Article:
One of the issues the class wrestled with is that the Lego company is built on plastics. However, Mapes observed that their products are durable, long-lasting and retain value. “I read an article that the Lego company is fully sustainable, with low greenhouse emissions that they’ve already implemented with the goal of becoming a net zero carbon company in the next few years,” said Mapes. She has also observed that when she has purchased Lego products recently, they were packaged in paper bags, instead of plastic, and has read that the company also experimenting with plant-based plastics. Lego has also been incorporating representations of sustainability, like Lego electric cars, in some of its sets. There is also the Lego Replay Program that encourages people to send used Lego back to the company for redistribution to children in need.
The concept “clicks” with students
Nina Zraik, a senior environmental studies major, from Tallmadge, Ohio said that through her major she has learned a lot of about environmental issues, but this project has helped her see solutions in practice. “I’ve never actually seen it in a real perspective of actually creating a city to make it a more sustainable place,” she said. “So, I think it was really cool that each group had one element of sustainability that we would work on every week, and they’d be able to do different things so that we could make it one, cohesive city.”
“My group was the water group and we focused on making more sustainable recycling of water. And I thought that was really cool because in my other classes, I’m talking about how to recycle water and reduce your use of water,” Zraik said. “It was cool to see how in this class, the element I took in making this city related to my other classes and it made me want to further my education in that area. So, now I’m kind of considering a career in the water sector.”
“So, I thought it was really interesting and it’s shaping the way I wanted to go,” said Zraik.
Other students had similar experiences in discovering what sustainability can be. Amia Muller is a junior integrated social studies major from Hudson, Ohio. “I thought this class was really interesting because I had never really thought about sustainability in the way of what we can do in the cities and how unsustainable the things we have in place now are,” she said. “I want to make our world better, but I didn’t know there were real solutions for that.”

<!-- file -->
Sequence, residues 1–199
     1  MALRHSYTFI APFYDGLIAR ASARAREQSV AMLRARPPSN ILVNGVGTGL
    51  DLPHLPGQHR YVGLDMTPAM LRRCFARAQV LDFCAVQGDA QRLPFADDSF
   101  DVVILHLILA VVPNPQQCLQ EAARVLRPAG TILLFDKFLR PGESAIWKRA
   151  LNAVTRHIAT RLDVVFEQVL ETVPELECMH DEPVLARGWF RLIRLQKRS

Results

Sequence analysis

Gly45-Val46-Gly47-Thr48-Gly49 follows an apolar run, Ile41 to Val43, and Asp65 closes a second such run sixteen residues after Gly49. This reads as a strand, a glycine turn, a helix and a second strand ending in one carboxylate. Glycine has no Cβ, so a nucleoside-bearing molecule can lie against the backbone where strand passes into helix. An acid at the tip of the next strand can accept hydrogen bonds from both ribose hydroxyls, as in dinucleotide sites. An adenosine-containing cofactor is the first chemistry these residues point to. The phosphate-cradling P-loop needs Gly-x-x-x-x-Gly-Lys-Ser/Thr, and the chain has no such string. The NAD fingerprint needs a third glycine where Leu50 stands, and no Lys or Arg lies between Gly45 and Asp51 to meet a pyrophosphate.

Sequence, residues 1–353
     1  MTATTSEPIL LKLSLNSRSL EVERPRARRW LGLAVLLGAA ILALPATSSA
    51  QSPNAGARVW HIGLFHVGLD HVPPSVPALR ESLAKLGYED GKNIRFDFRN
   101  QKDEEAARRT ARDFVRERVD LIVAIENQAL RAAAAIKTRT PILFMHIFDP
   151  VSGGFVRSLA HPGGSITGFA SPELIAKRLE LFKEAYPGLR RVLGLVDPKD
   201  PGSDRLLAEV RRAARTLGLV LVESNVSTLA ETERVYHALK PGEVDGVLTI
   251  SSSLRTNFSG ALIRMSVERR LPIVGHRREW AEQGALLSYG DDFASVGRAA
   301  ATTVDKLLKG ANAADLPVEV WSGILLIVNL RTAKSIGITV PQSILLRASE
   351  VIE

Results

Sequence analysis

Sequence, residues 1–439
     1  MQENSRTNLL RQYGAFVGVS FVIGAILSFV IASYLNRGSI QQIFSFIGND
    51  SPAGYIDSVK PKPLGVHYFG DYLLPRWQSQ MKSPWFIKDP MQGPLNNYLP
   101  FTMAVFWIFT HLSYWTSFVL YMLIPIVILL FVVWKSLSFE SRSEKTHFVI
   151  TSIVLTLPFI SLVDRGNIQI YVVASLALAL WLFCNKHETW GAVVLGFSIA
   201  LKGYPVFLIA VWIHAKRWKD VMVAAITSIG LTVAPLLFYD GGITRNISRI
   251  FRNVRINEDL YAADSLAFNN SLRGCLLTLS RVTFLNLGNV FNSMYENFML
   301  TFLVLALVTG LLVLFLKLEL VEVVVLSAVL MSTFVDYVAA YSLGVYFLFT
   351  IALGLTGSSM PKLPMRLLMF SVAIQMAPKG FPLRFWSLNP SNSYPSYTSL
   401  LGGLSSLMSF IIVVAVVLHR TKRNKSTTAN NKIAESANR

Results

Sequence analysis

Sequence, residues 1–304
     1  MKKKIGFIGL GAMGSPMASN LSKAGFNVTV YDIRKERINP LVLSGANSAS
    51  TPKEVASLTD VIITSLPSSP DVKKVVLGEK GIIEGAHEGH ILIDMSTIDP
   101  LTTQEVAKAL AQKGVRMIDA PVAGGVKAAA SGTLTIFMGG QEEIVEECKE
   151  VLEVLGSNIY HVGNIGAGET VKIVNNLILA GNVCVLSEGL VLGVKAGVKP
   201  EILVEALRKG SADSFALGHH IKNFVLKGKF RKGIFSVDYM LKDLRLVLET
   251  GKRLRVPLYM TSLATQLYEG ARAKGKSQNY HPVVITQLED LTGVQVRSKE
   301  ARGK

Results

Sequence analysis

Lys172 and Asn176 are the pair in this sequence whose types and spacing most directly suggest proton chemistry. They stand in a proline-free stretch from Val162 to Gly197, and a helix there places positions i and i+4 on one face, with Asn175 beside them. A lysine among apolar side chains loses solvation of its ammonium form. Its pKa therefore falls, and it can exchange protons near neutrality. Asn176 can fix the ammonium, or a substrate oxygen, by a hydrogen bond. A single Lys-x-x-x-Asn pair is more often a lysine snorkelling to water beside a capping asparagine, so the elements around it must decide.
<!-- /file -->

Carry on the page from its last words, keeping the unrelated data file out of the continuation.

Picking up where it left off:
I’ve always had sort of a negative view on how to be, I don’t know what the word is ‘ecologically correct,’ I guess. Like people are going to yell at me if I use a straw or a plastic bag or whatever,” Muller said. “But to see that it’s actually way more compassionate than that and it’s a lot more caring and there are solutions I can do that might inconvenience me, but it’s for the greater good, which is really cool to see. That’s cool.”
“So it was enlightening from the first step. And every class that I would go to, I would learn that there’s a new way that week can make things better, which was really encouraging,” she said. “It’s also interesting to see the roadblocks that we have in our way and how it’s really hard to actually make those things happen. But also considering what I can do as just one person to be an advocate for those things or start changing my own life.”
Building a case for learning with Lego
Mapes’ objectives for the class were to help students learn about ways to build more sustainable cities and to also do research to see if using Lego elements to teach were an effective way to teach students this information. “The research question is, is this going to enhance their learning?” she said. “Certainly, for most of the students, it will enhance the experience of the class, or they will think the class was fun, but I want to know: did it help them learn? Did it help them to meet the learning objectives of the class?”
“It did help them to think more about the subject, and I liked that one of the students said that he learned that there are easy ways to change the city to make it more sustainable. I really liked that he said that because one of my learning objectives is to get them to think a little deeper, to learn more about environmental research related to sustainability improvements that cities can do and the personal changes they can make,” Mapes said. “And you’ll notice that they also talked about the things you can’t see, like policy and getting the community on board.”
“That was part of my learning objectives. Could I, could they, use the Lego to get them thinking a bit more and to make it fun?”
WRITTEN BY: PHIL B. SOENCKSEN